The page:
The Liverpool Blitz
On one Saturday night in May 1941 Liverpool burned at the height of the Blitz. Al Capleton tells of his experiences that night. “…it took us about 3 hours to get to Renshaw Street and there, before us was the devastation. Lewis’s was a black shell and still smouldering… high up on top of a wall was a flag-pole, on that flag-pole was a tatty Union Jack fluttering in the hot breeze!”
The Luftwaffe air raids lasted for the entirety of the following week. There was utter destruction through whole swathes of the city centre and the surrounding back-to-back housing. Black smoke billowed up from scores of bomb craters.
But some of Liverpool’s most iconic landmarks, like the Anglican Cathedral, the Victoria Monument and the Liver Buildings, escaped the bombs virtually unscathed. They said that the German bombers spared the Cathedral and the Three Graces, as they acted as landmark beacons for them to identify the docks. Other famous buildings, such as Blackler’s department store were less fortunate. It was totally destroyed.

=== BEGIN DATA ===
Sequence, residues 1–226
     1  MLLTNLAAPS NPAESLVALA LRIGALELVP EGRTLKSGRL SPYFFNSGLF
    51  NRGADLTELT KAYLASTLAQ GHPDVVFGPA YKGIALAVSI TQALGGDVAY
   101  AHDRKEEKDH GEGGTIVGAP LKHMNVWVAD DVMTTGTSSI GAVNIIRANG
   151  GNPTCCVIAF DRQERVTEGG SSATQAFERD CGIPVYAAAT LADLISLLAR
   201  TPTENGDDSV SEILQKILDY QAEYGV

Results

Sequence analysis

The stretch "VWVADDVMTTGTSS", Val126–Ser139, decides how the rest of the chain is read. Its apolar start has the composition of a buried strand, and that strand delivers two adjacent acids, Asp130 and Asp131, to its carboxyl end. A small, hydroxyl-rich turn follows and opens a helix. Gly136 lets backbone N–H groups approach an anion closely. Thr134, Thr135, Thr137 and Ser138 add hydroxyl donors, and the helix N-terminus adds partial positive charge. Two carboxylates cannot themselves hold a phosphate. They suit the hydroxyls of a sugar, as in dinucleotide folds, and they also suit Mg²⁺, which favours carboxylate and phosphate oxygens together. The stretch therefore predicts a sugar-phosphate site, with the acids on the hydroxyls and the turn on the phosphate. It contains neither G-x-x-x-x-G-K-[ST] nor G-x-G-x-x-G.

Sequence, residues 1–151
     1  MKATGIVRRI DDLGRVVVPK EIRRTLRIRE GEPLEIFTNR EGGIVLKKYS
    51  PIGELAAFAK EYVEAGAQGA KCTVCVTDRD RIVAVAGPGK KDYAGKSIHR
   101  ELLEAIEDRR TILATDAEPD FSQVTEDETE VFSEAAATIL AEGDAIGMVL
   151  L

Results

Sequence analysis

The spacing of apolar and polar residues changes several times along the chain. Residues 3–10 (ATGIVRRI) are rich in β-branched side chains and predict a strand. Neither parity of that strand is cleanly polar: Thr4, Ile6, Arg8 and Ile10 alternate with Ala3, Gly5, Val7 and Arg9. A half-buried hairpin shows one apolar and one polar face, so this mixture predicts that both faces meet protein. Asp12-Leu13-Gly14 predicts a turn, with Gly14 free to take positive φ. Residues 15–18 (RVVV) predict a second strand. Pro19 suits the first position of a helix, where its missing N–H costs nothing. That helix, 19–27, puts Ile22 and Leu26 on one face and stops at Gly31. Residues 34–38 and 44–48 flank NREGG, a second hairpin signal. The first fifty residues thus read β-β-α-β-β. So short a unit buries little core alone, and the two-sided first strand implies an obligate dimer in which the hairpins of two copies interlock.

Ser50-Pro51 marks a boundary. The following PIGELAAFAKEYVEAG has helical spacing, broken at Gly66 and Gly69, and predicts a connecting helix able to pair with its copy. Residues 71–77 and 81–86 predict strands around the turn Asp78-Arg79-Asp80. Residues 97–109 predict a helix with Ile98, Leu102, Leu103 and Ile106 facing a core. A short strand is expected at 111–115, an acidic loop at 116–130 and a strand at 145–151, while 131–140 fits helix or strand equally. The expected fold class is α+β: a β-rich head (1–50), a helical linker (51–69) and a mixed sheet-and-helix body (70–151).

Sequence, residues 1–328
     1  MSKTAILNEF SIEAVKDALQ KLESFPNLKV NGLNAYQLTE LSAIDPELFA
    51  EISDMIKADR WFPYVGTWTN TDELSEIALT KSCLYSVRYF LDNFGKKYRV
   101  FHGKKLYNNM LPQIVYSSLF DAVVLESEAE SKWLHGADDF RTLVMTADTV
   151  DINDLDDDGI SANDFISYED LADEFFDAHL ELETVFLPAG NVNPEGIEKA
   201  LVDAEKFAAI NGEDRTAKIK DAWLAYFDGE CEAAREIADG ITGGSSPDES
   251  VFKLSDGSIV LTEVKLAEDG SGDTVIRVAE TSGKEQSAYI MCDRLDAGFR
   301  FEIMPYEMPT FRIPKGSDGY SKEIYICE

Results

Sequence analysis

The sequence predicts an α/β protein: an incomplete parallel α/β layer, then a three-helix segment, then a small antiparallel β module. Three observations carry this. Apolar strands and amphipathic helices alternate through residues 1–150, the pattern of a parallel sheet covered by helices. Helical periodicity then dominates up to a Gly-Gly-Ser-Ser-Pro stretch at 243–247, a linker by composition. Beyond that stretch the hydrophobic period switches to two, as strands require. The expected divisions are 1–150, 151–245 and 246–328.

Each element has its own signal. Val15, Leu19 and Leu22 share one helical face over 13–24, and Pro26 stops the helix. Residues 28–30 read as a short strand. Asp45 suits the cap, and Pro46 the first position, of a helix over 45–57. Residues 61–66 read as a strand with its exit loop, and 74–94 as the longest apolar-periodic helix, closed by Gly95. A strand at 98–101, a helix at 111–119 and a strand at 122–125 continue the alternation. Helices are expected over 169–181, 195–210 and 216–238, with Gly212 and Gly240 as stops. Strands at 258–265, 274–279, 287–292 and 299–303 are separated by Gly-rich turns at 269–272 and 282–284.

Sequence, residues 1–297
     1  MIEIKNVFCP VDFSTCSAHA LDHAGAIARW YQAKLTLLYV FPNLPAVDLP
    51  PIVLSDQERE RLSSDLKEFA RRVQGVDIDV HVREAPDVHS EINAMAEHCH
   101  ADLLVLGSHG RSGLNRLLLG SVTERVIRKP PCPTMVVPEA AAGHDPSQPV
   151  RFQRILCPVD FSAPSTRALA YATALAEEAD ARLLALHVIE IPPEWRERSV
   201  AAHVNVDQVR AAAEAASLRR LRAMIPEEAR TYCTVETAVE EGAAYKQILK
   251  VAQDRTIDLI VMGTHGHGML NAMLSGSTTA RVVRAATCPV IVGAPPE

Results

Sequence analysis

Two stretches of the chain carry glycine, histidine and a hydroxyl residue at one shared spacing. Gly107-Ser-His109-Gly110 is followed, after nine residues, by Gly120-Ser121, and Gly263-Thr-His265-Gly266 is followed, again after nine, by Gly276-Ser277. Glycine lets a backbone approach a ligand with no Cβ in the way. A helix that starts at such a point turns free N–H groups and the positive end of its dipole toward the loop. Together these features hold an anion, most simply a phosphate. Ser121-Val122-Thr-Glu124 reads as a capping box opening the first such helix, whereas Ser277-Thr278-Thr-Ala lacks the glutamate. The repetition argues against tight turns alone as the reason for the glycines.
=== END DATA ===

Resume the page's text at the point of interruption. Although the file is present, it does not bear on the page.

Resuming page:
Hundreds of people lost their lives during the Liverpool Blitz – more than 4000 in the city throughout the War. Many more were seriously wounded. Whole families were taken or left decimated. The entire city was affected as badly as the other Luftwaffe targets of Coventry, London, Birmingham and many others. But, the indomitable spirit of the Scousers shone through. Liverpool had been hurt but it remained unbowed as the heartbeat port for the Atlantic convoy’s war effort.